The medical office sector is strong. It continues to consolidate and seek new or expanded facilities. The following are a few examples.
Children’s Hospital of Philadelphia (CHOP) last year announced a major $50 million Pediatrics Research and Patient Care Initiative. It will be called the Roberts Collaborative for Genetics and Individualized Medicine at CHOP, as the Roberts family (known for their ownership of Comcast) will be contributing a $25 million gift.
Last month, Kennedy Health Systems unveiled a new $80 million facility in Cherry Hill, New Jersey. This is only Phase I of a $200 million overhaul. The next part of construction will commence this fall, and will include a new acute-care hospital with all private patient rooms. Kennedy plans to merge with Thomas Jefferson University Hospital this summer.
Lankenau Medical Center, while not in Philadelphia proper, but rather part of Main Line Health, recently received approval to move forward with an Emergency Department Expansion Project. Originally built to handle 35,000 visits per year, they now get about 54,000 patients each year. That number is projected to reach 73,000 by 2025. The project is expected to be completed in early 2019 at a cost $52.8 million. It will result in an additional 32,200 square feet of space.
It is important to keep in mind that times are changing. Health care is in flux. Urgent care centers, retail clinics (walk-in centers often housed in pharmacies and supermarkets) and stand-alone emergency departments are replacing primary care physicians and hospital emergency rooms. This can largely be attributed to the upcoming millennial generation, which is clamoring for more convenience and affordable healthcare options.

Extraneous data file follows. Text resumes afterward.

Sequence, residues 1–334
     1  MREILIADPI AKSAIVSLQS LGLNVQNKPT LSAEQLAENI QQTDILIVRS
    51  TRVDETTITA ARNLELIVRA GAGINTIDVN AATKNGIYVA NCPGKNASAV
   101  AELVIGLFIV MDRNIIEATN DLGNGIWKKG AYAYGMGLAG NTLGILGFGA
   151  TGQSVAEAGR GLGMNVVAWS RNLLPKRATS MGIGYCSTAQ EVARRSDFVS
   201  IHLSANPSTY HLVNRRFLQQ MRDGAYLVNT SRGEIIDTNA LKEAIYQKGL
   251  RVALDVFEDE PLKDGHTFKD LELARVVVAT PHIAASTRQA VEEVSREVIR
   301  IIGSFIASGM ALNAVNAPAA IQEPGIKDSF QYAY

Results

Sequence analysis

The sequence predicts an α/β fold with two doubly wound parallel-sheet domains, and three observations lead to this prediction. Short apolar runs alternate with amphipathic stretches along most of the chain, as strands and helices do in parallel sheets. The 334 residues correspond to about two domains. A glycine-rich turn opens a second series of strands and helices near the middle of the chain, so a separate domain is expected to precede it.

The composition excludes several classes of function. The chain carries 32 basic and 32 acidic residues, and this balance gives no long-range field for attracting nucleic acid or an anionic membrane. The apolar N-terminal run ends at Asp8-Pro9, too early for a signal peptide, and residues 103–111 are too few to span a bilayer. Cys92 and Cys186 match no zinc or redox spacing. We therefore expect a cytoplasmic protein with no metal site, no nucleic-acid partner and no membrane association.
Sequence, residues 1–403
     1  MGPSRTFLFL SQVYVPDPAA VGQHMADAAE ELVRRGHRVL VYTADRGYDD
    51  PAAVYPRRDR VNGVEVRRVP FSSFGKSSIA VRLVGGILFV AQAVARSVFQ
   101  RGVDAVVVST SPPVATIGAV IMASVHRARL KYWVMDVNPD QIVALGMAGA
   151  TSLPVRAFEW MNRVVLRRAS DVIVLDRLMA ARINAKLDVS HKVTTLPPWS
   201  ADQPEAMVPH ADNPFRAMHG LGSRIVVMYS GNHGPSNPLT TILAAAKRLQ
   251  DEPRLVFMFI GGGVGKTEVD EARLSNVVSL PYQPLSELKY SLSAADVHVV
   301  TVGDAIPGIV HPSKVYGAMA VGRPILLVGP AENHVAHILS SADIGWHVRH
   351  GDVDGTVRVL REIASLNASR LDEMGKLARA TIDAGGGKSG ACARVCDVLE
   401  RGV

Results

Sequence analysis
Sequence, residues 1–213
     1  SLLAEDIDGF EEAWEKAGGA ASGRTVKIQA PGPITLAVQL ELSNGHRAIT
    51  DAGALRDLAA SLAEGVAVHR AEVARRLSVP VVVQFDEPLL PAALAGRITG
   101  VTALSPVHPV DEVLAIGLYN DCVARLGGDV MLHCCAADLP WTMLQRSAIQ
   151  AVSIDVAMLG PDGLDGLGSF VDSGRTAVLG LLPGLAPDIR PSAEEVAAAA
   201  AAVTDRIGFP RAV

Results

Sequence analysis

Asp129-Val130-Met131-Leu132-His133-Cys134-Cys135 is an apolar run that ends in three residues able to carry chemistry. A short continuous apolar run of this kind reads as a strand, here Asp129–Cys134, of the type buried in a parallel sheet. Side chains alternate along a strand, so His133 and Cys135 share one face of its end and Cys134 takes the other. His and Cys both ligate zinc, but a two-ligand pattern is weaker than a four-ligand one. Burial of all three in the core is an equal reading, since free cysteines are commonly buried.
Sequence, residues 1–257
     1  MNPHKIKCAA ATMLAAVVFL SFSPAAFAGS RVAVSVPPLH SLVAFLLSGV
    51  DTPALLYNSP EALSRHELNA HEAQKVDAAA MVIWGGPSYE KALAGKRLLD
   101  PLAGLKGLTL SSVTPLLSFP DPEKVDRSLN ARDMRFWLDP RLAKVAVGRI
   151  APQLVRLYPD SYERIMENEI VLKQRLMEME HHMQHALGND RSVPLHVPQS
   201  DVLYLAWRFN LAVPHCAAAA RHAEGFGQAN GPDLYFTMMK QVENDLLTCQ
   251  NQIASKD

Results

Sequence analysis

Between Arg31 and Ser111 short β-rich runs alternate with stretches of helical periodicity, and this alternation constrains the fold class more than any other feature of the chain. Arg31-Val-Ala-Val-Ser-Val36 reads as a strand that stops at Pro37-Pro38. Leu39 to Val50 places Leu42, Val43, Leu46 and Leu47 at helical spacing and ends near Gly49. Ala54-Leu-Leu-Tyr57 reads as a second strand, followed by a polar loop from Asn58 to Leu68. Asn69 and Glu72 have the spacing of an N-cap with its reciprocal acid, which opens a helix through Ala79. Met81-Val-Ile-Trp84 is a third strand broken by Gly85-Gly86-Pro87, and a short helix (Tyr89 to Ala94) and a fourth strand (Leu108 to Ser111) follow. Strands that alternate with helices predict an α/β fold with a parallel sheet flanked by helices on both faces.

Some forward-thinking hospitals are aligning with these urgent care centers. They recognize that people appreciate the convenience they provide patients (co-pays are lower and wait times are shorter). This partnership could alleviate the burden on a lot of hospital emergency rooms. If people have a non-life threatening condition, they may go to an urgent care facility. Clinics typically charge 40-50% less than the costs of ER visits. Many hospitals aren’t seeing them as competition anymore.
As a result of this shift, urgent care facilities are becoming more and more prevalent. If people can’t get a doctor’s appointment that fits their schedule, they’ll go to an urgent care center for relief. Typical patients present with upper respiratory illnesses, ear infections, wounds that require stitches, strains, sprains and sometimes broken bones. Centers are even open on weekends and holidays, when doctors’ offices are typically closed.
Within the Philadelphia Metropolitan area, vacancy rates in the medical office sector are down to 8.1 percent this year, while they were above nine percent last year. Gross Rent per Square Foot is $20.93. Annual absorption square footage this year is 294,040. The sales price per square foot is up to $212 while the five year average is $164. Sales volume has more than doubled. Medical Offices are on the market roughly 14.8 months, compared with a five-year average of 18.4 months. A little over two years ago the median number of months on the market was as high as 22, so it has dropped precipitously.
The U.S. population is aging. The political environment has been altered. The millennial generation has surpassed the baby boomers in size. With all these changes taking place, the medical office sector should remain strong. But it is important to keep an eye on the trends.
Carlo L. Batts, MAI, is principal/chief appraiser at Rittenhouse Appraisals. He can be reached at 267.314.8635 or email@example.com.